Canada gains valuable experience in CONCACAF ‘weirdness’


Canada's Jonathan Osorio. (CP)

HAMILTON, BERMUDA – The January training camps that have become an annual fixture for the Canadian men’s national team are mostly a chance to get players ready for their respective club seasons in North America while also allowing them to gain some international experience.

And while Canada managed to come away with a somewhat laboured 4-2 victory over Bermuda on Sunday afternoon, there’s a lot that they can use from this contest to take into future games as they prepare for this summer’s CONCACAF Gold Cup.

Playing against a Bermuda side comprised of only a few professionals (including former Toronto FC winger Reggie Lambe) sprinkled amongst a lot of amateurs, Canada didn’t get off to a good start, ultimately seeing slack marking on a corner kick leading to the opening goal from Bermuda in the 11th minute.

“You can blame it on guys only being a week into their season. You can blame it on a bad start but it’s just not good enough,” defender Adam Straith stated. “There are no excuses for a start like that. On the positive side, the goal was something that turned our minds on. After that we started to play but that’s something we want to avoid.”

The goal did seem to awaken Canada, with some of the newer faces in the team getting in on the action, as 10 members of the 18-man squad were under the age of 24, with plenty of representation from all five Canadian professional clubs.

TFC midfielder Jonathan Osorio opened the scoring for Canada with a tap-in from close range, the scoring play starting with newcomer Ben Fisk from the NASL’s FC Edmonton crossing from the left side towards Montreal Impact forward Anthony Jackson-Hamel. His hard shot was saved, but Osorio made the right run to pick up the pieces and score his first international goal.

If anything, the second half forced Canada to adapt to any situation that might come up in the future. Substitute goalkeeper Sean Melvin picked up an injury on a comical goal that will give him nightmares—he just missed Straith’s pass back and it trickled past him, allowing Bermuda to tie things up at 2-2.

From there, the game went into the surreal with Straith finishing the game in net as Canada scored two twice to secure the victory.

The unexpected tends to happen a lot in the CONCACAF region so for what was a young Canadian squad, the more they get to experience that, the better.

“To be fair, Bermuda said we could put our goalkeeper back in (the Ottawa Fury’s Callum Irving started the game but was taken off at halftime), but we said it was a FIFA match and we can’t do that,” interim coach Michael Findlay said. “We always target a couple of guys in case of emergencies, it’s very rare, and ultimately (Straith) put his hand up and said he was the most comfortable.”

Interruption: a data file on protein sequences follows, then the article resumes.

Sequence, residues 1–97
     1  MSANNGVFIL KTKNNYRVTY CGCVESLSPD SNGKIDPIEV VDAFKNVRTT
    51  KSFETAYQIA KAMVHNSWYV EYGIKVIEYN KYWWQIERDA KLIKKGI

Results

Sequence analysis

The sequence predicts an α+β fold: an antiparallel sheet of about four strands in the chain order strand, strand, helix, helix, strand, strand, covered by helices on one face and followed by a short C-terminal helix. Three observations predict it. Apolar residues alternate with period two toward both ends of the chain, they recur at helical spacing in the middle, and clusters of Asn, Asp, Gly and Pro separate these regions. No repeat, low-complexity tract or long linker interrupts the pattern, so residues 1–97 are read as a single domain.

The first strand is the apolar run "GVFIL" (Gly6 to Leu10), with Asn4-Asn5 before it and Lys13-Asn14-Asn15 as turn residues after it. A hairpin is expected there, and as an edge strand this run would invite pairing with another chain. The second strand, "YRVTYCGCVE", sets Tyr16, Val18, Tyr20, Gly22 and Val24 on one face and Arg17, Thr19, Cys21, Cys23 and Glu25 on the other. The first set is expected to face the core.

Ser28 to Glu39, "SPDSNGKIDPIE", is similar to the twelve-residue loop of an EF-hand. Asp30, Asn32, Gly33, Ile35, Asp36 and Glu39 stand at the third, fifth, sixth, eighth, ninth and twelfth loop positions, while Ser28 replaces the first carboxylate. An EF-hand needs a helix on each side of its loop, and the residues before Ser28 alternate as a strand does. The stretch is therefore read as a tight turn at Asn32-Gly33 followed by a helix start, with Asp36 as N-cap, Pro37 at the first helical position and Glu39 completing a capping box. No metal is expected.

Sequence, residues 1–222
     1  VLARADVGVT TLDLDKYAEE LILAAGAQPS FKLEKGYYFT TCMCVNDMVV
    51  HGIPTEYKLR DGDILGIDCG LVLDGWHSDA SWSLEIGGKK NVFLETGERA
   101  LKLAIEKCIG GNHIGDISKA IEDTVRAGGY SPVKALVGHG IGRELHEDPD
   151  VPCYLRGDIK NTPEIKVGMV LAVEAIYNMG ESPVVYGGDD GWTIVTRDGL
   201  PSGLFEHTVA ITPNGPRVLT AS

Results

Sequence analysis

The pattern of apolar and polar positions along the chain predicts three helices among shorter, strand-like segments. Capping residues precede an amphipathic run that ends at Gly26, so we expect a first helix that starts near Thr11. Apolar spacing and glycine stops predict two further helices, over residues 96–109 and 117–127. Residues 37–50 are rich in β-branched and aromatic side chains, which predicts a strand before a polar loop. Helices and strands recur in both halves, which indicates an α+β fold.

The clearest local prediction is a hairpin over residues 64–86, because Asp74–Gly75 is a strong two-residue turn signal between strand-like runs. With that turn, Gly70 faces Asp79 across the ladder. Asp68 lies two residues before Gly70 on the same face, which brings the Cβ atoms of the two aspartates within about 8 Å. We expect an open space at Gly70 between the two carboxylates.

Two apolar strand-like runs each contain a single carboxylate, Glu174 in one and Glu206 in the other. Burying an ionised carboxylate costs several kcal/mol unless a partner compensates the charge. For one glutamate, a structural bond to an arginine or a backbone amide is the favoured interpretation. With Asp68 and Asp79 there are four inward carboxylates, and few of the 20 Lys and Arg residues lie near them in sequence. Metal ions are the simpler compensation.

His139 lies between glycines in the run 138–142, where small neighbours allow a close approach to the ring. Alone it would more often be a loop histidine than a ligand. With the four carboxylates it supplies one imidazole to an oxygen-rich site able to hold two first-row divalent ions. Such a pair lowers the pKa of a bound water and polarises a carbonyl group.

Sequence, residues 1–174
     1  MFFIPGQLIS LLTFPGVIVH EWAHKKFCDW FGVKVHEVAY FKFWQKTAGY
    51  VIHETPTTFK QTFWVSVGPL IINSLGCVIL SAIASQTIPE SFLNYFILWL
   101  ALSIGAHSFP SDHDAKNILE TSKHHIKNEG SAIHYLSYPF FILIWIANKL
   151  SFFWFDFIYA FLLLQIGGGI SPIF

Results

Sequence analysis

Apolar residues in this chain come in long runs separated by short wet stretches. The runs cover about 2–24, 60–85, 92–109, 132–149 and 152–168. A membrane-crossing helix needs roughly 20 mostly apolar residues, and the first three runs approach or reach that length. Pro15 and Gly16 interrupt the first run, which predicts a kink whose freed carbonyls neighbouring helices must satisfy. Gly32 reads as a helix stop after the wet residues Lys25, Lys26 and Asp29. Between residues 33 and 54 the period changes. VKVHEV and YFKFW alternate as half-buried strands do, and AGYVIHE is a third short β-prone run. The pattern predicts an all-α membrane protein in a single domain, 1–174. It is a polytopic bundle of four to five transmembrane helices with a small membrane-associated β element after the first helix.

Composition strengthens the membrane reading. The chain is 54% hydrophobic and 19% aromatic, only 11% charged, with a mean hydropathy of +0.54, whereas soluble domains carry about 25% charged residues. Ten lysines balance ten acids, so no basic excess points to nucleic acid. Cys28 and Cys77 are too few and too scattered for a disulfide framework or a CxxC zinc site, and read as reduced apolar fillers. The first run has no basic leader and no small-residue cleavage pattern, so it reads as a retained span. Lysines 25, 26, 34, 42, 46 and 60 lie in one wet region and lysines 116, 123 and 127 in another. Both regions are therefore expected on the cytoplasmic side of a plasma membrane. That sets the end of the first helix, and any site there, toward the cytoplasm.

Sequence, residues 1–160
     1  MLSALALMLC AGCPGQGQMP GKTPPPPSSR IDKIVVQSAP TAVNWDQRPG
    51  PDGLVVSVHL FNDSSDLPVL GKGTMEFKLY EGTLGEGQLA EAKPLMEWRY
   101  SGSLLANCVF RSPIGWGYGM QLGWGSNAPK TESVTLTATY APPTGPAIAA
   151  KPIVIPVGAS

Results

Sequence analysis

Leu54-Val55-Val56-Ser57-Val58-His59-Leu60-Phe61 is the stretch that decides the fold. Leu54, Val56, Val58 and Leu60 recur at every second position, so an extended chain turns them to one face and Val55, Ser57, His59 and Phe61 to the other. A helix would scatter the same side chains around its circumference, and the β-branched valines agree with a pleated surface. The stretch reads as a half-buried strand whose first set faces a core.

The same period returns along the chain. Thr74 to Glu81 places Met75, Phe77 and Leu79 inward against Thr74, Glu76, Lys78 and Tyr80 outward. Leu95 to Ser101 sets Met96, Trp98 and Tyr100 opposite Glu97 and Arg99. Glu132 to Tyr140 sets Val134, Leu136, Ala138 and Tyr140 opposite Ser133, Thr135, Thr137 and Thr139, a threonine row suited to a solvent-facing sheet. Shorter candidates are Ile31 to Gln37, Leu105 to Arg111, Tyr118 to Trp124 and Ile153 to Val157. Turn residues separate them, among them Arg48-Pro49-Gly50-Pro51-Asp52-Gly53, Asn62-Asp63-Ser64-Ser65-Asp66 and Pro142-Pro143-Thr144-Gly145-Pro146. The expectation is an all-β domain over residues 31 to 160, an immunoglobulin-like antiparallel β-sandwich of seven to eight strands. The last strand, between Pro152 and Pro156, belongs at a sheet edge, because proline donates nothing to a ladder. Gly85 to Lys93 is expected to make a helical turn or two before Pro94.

With many of Canada’s bigger stars, such as Atiba Hutchinson, still with their respective clubs in Europe, these January camps are opportunities for younger players to be incorporated and introduced to the international game. Five players earned their first caps on Sunday and, for the perpetual goal-shorn Canadians, having four goals from four different scorers is certainly reason to be pleased.

“It was good to make my debut and get a start with this new group of players,” said TFC’s Jay Chapman, who scored in his senior team debut. “Anytime that I can get games in and try to get as many appearances as I can before the big games is huge. I’m thrilled.”

There’s no doubt that the makeup of the Gold Cup squad will look quite a bit different. With the January camp not falling on a FIFA date, the European-based players are excluded so it can be presumed that there will be some different faces suiting up for Canada this summer.

But for players such as Fisk, who had a good first half and the returning Nana Attakora, this camp was the opportunity to get their names into the conversation going forward as this team takes shape heading into the Gold Cup.

The elephant in the room remains whether Findlay or someone else will take the reins of this team heading forward.

Until Canada finds a new permanent coach, Findlay will continue to lead the team (reports out of Scotland say Canada will play there next in March). A bizarre win over a minnow by a young side is how Canada started 2017, but a better assessment of this program can only come once off-field matters are resolved and new full-time coach is named.


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